In reviewing this determination, the Court first looks to the objective medical evidence of record. In determining Dyer's physical limitations, [3] the ALJ gave considerable weight to consultative examiner Dr. Beard. During his exam, Dr. Beard saw no evidence of organ damage due to diabetes mellitus. [Tr., pp. 44, 453] Dr. Beard also observed that Dyer complained of conditions that were not severe - he found her chronic obstructive pulmonary disease and restrictive pulmonary disease to be "very mild." [Tr., pp. 44-45] Dyer's other conditions were found to be mild as well - such as a mild degree of dyspnea (shortness of breath) after exertion and mild grip strength. [Tr., p. 44] Dr. Beard found no evidence of hypertensive or diabetic retinopathy; no carotid artery bruits; no evidence of organ damage due to her diabetes; and the carpal tunnel testing was equivocal.

Similarly, treating physician Dr. Lohman opined, in part, that Dyer's symptoms did not preclude her from sitting for 6 hours in an 8-hour workday without a sit/stand option. [Tr., pp. 842845] He further explained that Dyer would likely miss work less than once a month. Although the ALJ rejected certain portions of Dr. Lohman's non-medical opinions, he accepted the portions that he found to be consistent with the other evidence of record. In addition to treating and consultative physicians, the ALJ relied upon state agency medical consultant Dr. Saranga, who concluded that Dyer could perform a reduced range of light work.

ALJ Paris also observed Dyer during her testimony and found in light of the objective medical records as well as his findings regarding her credibility, that Dyer "is trying to make her symptoms sound significantly more severe than they actually are." [Tr., p. 44] He considered that the "degree of pain, shortness of breath, and other symptoms alleged by the claimant is significantly greater than that which can be reasonably anticipated based upon the objective physical findings." [ Id. ] Based on this determination and considering the physical evaluations of Dr. Beard, the ALJ found that Dyer's report of her physical limitations was "exaggerated." [ Id. ]

The ALJ considered that Dyer "engages in a wide [variety] of activities of daily living, such as personal hygiene and grooming, cooking, cleaning, laundry, driving, shopping, watching television, going to the library, handling her finances, reading, visiting with friends and family, and taking care of her pet bird." [Tr., p. 41] The ALJ also considered that Dyer related appropriately to him during the hearing, her physicians describe her as pleasant, and that she visits with family and friends and functions in public - to shop or go to the library - on a regular basis. [ Id. ] Therefore, he found that she only had moderate limitations in social functioning. Despite Dyer's arguments on this point, the Sixth Circuit has affirmed findings in similar situations, holding that reported daily activities such as Dyer's can constitute substantial evidence in support of an ALJ's decision denying benefits. See Tyra v. Sec'y of Health & Hum. Servs., 896 F.2d 1024, 1030 (6th Cir. 1990) (upholding ALJ's finding of a lack of disability where daily activities included driving, watching television, shopping, doing yard work, socializing, and visiting relatives).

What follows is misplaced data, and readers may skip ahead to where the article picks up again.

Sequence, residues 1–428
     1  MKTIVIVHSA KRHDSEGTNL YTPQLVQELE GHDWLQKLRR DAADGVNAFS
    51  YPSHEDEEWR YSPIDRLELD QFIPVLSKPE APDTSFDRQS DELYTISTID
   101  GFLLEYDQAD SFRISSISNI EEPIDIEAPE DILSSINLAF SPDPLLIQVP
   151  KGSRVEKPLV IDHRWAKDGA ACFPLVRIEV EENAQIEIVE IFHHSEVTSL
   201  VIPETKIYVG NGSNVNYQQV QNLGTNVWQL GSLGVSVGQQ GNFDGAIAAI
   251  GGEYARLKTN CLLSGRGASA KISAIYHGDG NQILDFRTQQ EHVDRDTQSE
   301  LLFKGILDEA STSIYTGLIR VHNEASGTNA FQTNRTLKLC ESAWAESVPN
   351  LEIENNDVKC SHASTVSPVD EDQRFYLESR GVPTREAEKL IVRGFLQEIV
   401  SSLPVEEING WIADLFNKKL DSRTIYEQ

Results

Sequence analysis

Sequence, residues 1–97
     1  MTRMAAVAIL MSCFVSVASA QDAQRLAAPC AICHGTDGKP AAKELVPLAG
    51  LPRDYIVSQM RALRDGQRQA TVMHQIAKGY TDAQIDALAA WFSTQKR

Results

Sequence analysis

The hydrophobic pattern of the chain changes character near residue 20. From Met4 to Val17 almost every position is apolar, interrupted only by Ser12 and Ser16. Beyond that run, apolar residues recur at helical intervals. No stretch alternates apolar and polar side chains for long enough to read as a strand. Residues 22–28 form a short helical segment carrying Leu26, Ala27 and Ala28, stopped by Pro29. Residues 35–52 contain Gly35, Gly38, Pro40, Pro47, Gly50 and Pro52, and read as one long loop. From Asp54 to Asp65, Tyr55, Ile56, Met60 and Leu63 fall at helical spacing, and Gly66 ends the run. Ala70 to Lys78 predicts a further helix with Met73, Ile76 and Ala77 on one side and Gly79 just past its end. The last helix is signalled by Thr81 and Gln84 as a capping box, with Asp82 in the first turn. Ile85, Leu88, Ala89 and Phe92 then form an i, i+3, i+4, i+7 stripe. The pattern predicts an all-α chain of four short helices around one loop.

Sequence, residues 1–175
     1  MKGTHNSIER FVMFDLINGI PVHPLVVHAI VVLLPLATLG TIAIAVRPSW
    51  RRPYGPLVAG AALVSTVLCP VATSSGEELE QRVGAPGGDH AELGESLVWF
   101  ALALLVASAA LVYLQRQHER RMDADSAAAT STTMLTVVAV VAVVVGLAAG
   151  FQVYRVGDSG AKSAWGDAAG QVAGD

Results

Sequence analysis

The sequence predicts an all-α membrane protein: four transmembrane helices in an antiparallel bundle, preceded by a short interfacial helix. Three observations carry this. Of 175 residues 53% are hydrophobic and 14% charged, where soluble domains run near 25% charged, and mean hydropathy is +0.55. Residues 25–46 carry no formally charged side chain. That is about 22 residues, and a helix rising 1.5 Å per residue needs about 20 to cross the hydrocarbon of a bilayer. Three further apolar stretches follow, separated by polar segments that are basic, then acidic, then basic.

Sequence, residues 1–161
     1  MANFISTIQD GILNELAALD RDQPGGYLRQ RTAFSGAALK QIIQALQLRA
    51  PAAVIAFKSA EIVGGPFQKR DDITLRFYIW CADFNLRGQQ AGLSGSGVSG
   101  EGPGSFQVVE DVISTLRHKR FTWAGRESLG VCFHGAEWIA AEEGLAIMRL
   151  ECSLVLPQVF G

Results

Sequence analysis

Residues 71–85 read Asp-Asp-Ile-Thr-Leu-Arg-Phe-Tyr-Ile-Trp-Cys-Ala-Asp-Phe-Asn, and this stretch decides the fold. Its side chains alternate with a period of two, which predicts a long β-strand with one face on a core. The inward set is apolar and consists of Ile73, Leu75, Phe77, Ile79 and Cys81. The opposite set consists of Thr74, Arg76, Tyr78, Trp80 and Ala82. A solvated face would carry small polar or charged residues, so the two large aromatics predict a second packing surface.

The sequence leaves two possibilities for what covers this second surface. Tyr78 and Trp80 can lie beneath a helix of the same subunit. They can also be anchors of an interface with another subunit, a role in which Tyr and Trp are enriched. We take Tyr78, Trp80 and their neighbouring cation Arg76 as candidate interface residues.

There is also evidence that Dyer has been noncompliant with certain treatment. She has failed, at times, to follow a diabetic diet. [Tr., p. 39] The ALJ also noted that she has stopped taking certain medications for diabetes, hypertension, and pain control after running out. He also noted that she only "very recently" complied with her doctors' repeated orders to stop smoking, and noted that during much of her treatment, she smoked either one pack or two packs of cigarettes per day. [Tr., p. 38] And the ALJ found that this strongly indicates that her pulmonary symptoms were not as severe as alleged.[4]

Considering the objective medical evidence and the ALJ's thoughtful consideration of Dyer's demeanor and compliance with treatment, the Court finds no error with the ALJ's considerations of Dyer's credibility. Where an ALJ makes a determination regarding a claimant's credibility, that determination is entitled to great deference. See Buxton v. Halter, 246 F.3d 762, 773 (6th Cir. 2001). The ALJ is in a unique position to "observe the claimant and judge her subjective complaints." Id. In fact, an ALJ is "charged with the duty of observing a witness's demeanor and credibility." Walters v. Comm'r of Soc. Sec., 127 F.3d 525, 531 (6th Cir. 1997). As a result, an ALJ's credibility determinations are "entitled to deference on judicial review." Boyett v. Apfel, 8 F.Appx. 429, 434 (6th Cir. 2001). However, if the ALJ "rejects a claimant's testimony as incredible, he must clearly state his reasons for doing so." Felisky v. Brown, 35 F.3d 1027, 1036 (6th Cir. 1994).